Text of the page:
Dawkins places great emphasis on scientific observation, reason, logic and evidence. However, his fanatical insistence that the mysteries of life can be explained entirely in terms of matter, and his rejection of a cosmic designer, leads him to shamelessly break his own rules whenever it suits him. For example, he believes, without a shred of evidence, in the sudden emergence from inorganic matter of a ‘self replicating molecule’ as the source of all life on earth, despite it being contrary to the most fundamental laws of both biology and chemistry. Yet Dawkins believes in its existence just as irrationally as those who claim that our personalities are determined by the conjunction of the planets.
Dawkins defines a monkey as a ‘machine that preserves genes up trees’, in the same way presumably as cars are machines for travelling along roads. However cars, unlike monkeys, are unable to move themselves without human assistance. Dawkins ‘explains’ the perfect order of the universe in terms of trillions of ‘multiverses’ in which our own universe, just by chance, happens to be the one that is so finely tuned that it functions correctly. Needless to say he provides no evidence for the existence of these multiverses, which instead are nothing more than the figments of his fertile imagination.
Dawkins is no doubt correct when describing many religious beliefs as superstition. However, at its core religion is unquestionably right in its belief in the existence of the soul. This can be defined as the permanent non material life entity or spirit which cloaks itself in matter, namely the physical body, in order to gain experience and provide a vehicle for self expression. This cannot be proved scientifically, but it appeals to reason and logic much more persuasively than Dawkins’ doctrine, also unproven, that living beings are nothing more than the molecules that comprise their bodies.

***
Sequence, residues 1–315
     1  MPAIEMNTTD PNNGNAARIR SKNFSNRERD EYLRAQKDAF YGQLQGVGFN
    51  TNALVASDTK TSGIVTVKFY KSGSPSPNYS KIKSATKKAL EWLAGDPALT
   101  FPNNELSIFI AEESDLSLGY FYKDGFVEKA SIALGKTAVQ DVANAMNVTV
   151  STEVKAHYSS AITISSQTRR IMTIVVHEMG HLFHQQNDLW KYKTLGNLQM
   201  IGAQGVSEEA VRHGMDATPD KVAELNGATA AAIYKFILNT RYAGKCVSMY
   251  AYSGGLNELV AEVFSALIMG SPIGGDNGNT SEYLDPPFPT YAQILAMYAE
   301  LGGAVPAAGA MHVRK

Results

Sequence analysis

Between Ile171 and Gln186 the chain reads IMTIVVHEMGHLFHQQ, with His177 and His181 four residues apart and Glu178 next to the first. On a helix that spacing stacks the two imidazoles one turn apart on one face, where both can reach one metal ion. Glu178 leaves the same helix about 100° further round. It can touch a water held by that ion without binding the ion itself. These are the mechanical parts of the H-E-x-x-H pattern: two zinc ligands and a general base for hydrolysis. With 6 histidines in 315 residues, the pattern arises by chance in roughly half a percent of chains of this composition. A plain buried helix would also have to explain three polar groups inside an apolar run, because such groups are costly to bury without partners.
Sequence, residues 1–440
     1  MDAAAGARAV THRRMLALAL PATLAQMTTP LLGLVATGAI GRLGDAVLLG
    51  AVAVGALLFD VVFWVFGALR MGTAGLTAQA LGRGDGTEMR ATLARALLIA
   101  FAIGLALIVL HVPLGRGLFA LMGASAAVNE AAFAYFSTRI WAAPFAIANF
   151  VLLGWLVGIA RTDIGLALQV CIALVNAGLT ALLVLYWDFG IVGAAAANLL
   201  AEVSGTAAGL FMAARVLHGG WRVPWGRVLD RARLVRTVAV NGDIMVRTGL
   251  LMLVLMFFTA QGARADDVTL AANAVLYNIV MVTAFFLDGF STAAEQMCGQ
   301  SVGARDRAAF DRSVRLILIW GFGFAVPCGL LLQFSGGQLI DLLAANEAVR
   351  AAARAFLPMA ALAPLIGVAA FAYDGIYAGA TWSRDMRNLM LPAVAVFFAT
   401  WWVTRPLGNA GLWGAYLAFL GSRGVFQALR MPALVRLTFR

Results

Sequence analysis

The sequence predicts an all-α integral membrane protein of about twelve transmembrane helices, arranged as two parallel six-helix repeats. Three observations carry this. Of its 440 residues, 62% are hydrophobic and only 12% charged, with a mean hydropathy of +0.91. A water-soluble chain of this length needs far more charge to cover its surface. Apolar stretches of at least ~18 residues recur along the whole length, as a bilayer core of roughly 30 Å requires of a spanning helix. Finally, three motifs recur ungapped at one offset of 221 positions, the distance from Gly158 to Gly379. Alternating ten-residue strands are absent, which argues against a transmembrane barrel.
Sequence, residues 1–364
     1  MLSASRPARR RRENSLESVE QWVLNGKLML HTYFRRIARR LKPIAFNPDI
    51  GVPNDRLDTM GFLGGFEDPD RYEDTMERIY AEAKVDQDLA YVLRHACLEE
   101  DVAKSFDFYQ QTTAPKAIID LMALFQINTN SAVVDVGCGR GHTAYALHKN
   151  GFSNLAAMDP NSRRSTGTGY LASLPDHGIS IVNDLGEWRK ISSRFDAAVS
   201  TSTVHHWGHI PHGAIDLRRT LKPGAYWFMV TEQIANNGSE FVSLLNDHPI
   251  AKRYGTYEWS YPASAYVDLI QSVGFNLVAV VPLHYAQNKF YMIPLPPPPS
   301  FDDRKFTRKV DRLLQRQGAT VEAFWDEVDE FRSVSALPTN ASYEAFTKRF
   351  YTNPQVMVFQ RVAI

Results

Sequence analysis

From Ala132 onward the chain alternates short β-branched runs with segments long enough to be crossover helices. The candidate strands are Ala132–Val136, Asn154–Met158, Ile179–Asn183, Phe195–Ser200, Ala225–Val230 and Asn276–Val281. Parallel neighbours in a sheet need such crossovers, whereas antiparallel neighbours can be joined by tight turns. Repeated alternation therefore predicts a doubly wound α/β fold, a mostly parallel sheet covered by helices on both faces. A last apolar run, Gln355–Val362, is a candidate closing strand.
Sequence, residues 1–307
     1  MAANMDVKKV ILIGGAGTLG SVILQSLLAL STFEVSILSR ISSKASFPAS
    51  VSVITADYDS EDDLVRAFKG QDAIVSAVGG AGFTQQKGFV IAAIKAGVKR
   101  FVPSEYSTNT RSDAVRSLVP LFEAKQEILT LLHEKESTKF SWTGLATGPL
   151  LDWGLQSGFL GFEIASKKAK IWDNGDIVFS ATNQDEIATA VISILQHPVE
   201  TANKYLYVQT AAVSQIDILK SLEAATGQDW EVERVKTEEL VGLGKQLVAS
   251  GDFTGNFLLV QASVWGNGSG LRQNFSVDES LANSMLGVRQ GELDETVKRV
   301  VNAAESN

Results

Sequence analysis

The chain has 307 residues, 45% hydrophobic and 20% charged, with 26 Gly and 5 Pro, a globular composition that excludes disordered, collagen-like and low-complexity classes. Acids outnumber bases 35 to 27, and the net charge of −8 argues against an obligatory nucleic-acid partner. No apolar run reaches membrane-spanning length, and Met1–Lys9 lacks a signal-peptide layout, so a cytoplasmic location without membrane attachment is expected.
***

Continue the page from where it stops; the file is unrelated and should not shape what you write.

In a recent TV series Wonders of Life, fellow atheist Professor Brian Cox pondered the question of how life came into being. He put forward the theory that life first arose in ‘hydrothermal vents’ in the ocean. But he completely avoided explaining how the DNA code, the blueprint for the diversity of life, could miraculously become embedded in early cellular life which (also unexplained) mysteriously arose out of non living molecules. Neither Dawkins nor Cox appear in any way perturbed by this sleight of hand evasiveness, sticking to their evidence free dogma that DNA encoded cellular life arose spontaneously from inorganic molecules.
Returning to Enemies of Reason, Dawkins mischievously lumped together the obviously bogus with the genuine. So who was genuine? The answer must clearly be the medium linked to the Spiritualist church (but not the one at the psychic fair). Dawkins suggestion that his responses were the result of a supposed technique known as ‘cold reading’, (that is the asking of leading questions to elicit a favourable response), is nonsensical and ludicrous given the accuracy and specific nature of the messages that Spiritualist mediums regularly provide time after time. In the preparation of his TV programme Dawkins would, of course, have noticed this, but he is not such a fool as to destroy his reputation by admitting as much publicly. It is accepted that the response of our materialistic focussed society is dismissive towards Spiritualism, by individuals who have mostly never taken the trouble to investigate the matter for themselves. But there can be no justification for pandering to their collective ignorance.